21. There is a noble gas gun used for wines at our shop that uses argon to keep wines fresh (its like a needle that goes through cork, removes wine and replaces it with argaon gas) I believe its called a Coravin Gun. Its like 400.00. If you injected the gas into the containers there would be less reaction as it is a "noble" gas. Just not sure how often you would have to replace the argon in the jars (as I am sure it will leak out at some point) Our wines are kept "unopen" for up to a month with this method. The company claims it will keep wine fresh for up to three months… but seriously if we cant sell 4 gasses of wine in a month… something's wrong. Just a thought, on the museum scale $ may not make it feasible…

  22. about the shoe part, in the Netherlands we have wooden shoes just carved logs we where and they have forms

  23. This has got to be one of the most fascinating things I've seen in a while. And coming in, I didn't think it would be.

  24. This. Is. So. COOL. I flipping love plants, and I'd never even heard of economic botany before this! It's too bad most people never even get to see this collection – but I'm glad this video is doing something to try to offset that. The conversation in the comments – and especially the one about conservation techniques – is also really cool. Is this sort of collection open to the public? If I'm ever able to make it to Chicago I would love to stare at it with my face.

  25. Perhaps the liquids should be absorbed into some powdery medium or freeze dried to remove the moisture and preserve the oils which can be later reconstituted for future generations. Or store them in vacuum sealed ampules the way they do with extremely volatile substances in chemistry.

  26. I immediately knew that figure was from New Zealand c:
    Eh, it's weird how humans have evolved since then.
    😀

  27. for half a second i was like "a ukulele made out of plants? awesome!"
    realising, that wood is from a plant i felt quite stupid^^

  28. please stop the slow vilitization. Idea 1, place all original containers into newer designed airtight container. Proof. more stable inviirinment. 2, all into ca
    Intro criogenic chamber, or at least whole collection into one airtight container. Homework. no just thinking. Thanks for the opportunity

  29. a silicone cover cap. easily removable and replaceable if it becomes damaged and it will form a water-tight and air-tight seal. it will become brittle over time so just change it before it gets too bad.

  30. Thats is the most cute little woman I have seen for a damm long time ! i think she mostly is made of tea and warm pillows !

  31. I love how Emily is always so excited for everything, from cutting up an ant eater to musical gourds and coconut hats she always seems so amazed like she's loving every moment of what she's doing. I hope one day I have a job that I love as much as that!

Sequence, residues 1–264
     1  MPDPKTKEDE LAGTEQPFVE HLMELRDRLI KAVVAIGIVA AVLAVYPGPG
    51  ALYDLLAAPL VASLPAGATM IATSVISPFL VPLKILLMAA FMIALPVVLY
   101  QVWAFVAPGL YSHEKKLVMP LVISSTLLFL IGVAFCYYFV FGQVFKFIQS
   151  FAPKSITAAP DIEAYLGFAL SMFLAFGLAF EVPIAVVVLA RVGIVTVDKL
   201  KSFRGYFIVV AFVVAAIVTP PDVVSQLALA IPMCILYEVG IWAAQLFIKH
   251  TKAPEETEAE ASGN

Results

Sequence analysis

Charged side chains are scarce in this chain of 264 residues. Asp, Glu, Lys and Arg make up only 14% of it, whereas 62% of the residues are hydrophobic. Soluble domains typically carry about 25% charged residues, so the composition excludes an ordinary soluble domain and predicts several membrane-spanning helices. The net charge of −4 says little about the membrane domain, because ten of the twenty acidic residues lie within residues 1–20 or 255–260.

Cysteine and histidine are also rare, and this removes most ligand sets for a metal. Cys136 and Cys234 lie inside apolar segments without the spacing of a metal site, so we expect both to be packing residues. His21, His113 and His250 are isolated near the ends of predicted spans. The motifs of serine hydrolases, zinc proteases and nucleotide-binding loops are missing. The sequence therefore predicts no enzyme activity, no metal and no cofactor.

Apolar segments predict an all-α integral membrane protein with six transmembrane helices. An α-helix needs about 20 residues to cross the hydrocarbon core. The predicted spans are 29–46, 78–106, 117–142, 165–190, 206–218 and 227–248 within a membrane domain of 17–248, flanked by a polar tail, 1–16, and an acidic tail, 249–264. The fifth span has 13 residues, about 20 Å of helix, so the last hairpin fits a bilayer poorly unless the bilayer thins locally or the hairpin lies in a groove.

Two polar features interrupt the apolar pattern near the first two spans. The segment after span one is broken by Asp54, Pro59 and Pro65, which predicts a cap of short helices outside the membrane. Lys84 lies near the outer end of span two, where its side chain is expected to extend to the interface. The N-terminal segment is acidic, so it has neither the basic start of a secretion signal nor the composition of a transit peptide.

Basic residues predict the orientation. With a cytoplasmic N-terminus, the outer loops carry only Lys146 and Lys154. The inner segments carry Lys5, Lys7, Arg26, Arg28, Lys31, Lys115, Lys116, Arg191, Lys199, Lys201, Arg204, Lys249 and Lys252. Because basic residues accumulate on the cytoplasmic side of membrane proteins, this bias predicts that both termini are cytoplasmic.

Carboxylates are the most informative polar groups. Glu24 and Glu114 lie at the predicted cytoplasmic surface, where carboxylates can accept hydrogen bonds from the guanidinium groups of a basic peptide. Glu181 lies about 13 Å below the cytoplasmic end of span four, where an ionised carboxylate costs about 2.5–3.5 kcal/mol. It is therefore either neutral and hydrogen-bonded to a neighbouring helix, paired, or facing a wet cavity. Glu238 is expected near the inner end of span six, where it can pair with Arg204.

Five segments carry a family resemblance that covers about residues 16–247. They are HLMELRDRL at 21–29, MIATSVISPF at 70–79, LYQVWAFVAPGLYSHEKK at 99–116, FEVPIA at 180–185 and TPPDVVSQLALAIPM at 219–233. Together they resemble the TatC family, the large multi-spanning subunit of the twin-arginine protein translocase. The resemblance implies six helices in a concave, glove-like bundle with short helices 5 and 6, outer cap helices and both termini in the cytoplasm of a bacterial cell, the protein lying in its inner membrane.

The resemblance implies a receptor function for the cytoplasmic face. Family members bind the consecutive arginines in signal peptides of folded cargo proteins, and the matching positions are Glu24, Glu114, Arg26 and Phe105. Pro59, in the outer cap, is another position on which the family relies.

32. Parafilm stretch-wrapped around the cork and bottle lip. Ask one of your DNA labs for a couple of inches so you can try it out.

  33. I would not have guessed that she was so tall until this episode. I would have guessed about 5'6" at the most before. In regards to the presentation issue, encapsulating and glass for liquids? shrink wrap machine purchase and do it in house to keep costs low. maybe? just thoughts. as long as you don't need to access the contents glass seems like a pretty good choice. and what about silicone as opposed to wax? unless the contents are silicone, my understanding is that silicone does not bond with other things easily. I'm no problem on this but I like to brainstorm ideas that might help. If they didn't help, then you're better off having eliminated these ideas. … 1000 ways not to make a light bulb right?

  34. It's an old video so hopefully some one can see this, a coat of lacquer or enamel over the cork would stop the evaporation, covering the cork just to the edges so that if a sample needs to be taken it's as simple as taking the top off and putting it back on tight

  35. I like when you have guests from museums. It's so cool and amazing to see people be super enthusiastic about one specific area. Like that one old guy with gemstones and this cute lady with plant stuff. Love it 😭

  36. 3 years late…… but ive recently preserved a few insects in candle jars, they have a silicon(?) seal on lid and seem fairly airtight havent had any evaporation over a number of months compared to the small glass vials with cork lids that have vespid specimens, and quickly dry out

  37. very informative video , wow Christine is really knowledgeable ❤ it's so fascinating to learn about these topics and see the passion people have as they explain. It's so lovely to see how enjoyable it was for her to be interviewed and it is actually very interesting information! Thank you for this video Emily! you're also a great interviewer 😄

  38. Hey thebrainscoop, can you explain the difference between Ethnobotany and Economic botany? I can't seem to find a cleaner answer.

  39. To prevent the evaporating how about dripping wax on top of the cork top to seal it? Only on the cork and top of the glass area.